Maine may make purchasing an ounce of marijuana almost as easy as buying a six-pack of beer.

Proposed adult-use cannabis regulations from the Legislature’s marijuana committee would allow licensed retail stores to sell pot from drive-up windows and over the internet. Like any other recreational marijuana consumer, drive-up and online customers would have to show identification to the window or delivery employee to prove they are at least 21 years old.

Supporters say such retail conveniences are already available to the state’s alcohol industry and will help Maine’s new legal marijuana market compete with a thriving illegal market. But opponents, including a leader of the marijuana committee, warn against making it too easy to buy a drug that is still illegal under federal law, and too hard for new state regulators to track sales.

“If Maine allows it for alcohol, we see no reason why it shouldn’t be allowed for marijuana, the safer substance, so long as Maine puts in place reasonable regulations to protect public safety and the consumer,” said David Boyer, director of the Maine chapter of the Marijuana Policy Project. “The voters want it regulated and taxed like alcohol. The rules should be the same.”


But state Sen. Roger Katz of Augusta said allowances for drive-thrus and home delivery should be stripped from the proposed bill to decrease the risk that delivered marijuana will end up in the hands of underage users or residents of towns that have adopted a local ban on marijuana sales. Delivered marijuana might more easily be diverted across state lines, which could draw unwanted federal attention to Maine’s newly legal recreational market, he said.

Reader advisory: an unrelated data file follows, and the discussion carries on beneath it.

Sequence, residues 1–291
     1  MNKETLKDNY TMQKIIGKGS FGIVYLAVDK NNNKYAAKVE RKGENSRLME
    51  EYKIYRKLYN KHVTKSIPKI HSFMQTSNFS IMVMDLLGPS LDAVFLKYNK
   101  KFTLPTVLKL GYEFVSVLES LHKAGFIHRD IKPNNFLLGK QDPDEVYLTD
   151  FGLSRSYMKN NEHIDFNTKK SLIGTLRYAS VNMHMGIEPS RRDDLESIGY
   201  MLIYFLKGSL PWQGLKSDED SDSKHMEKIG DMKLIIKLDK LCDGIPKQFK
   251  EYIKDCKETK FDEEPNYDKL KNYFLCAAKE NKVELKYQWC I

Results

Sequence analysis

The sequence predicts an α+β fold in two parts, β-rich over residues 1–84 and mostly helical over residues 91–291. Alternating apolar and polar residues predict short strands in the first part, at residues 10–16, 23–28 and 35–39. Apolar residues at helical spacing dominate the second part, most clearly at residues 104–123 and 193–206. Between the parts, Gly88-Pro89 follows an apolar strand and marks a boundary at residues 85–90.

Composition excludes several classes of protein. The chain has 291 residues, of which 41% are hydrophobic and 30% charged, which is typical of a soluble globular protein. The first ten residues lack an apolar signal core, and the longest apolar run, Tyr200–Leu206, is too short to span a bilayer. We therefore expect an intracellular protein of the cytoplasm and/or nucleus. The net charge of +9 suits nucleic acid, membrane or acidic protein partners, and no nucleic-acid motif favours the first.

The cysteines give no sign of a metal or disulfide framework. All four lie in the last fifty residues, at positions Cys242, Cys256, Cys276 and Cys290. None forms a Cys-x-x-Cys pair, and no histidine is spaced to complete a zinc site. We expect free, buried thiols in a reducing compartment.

“Given the fact that about half the people in the state voted against legalization, I think we ought to go slow and be cautious in the beginning,” said Katz, Republican co-chairman of the Joint Select Committee on Marijuana Legalization Implementation. “But this is a legislative process. We reach decisions collectively. This is just a draft. I anticipate a vigorous debate. We’ve still got a ways to go yet.”

The committee’s bill, which sets up the regulatory framework for commercial cannabis cultivation, manufacturing and sales, will be the subject of a public hearing at 9 a.m. Tuesday in Room 228 at the State House in Augusta. The committee will reconvene Sept. 27 and 28 to discuss the bill. If the committee approves it, the full Legislature will likely consider it next month.


The bill essentially outlines how the new market would work, from who could grow recreational marijuana and the cost of a license, to the maximum amount of THC allowed in an edible marijuana product and how much marijuana would be taxed. The committee had hoped adult-use licensing would begin in February, but now says it is unlikely to hit that deadline.

Although advocates support drive-thru, online and home delivery options and hope the language will stay in the bill, they say they won’t draw a line in the sand over them if they put the bill’s future at risk. The proposed 20 percent sales tax rate is a much bigger burden for recreational cannabis users than having to make face-to-face, in-store purchases, said Paul McCarrier, president of Legalize Maine.

“Back in July, the committee agreed that delivery would help combat the black market,” said McCarrier, whose advocacy group helped pass the statewide ballot measure that legalized adult-use marijuana in Maine. “We know that convenience is one of the big reasons that somebody turns to the black market, but price is an even bigger one. That is our top priority, keeping it affordable for Mainers.”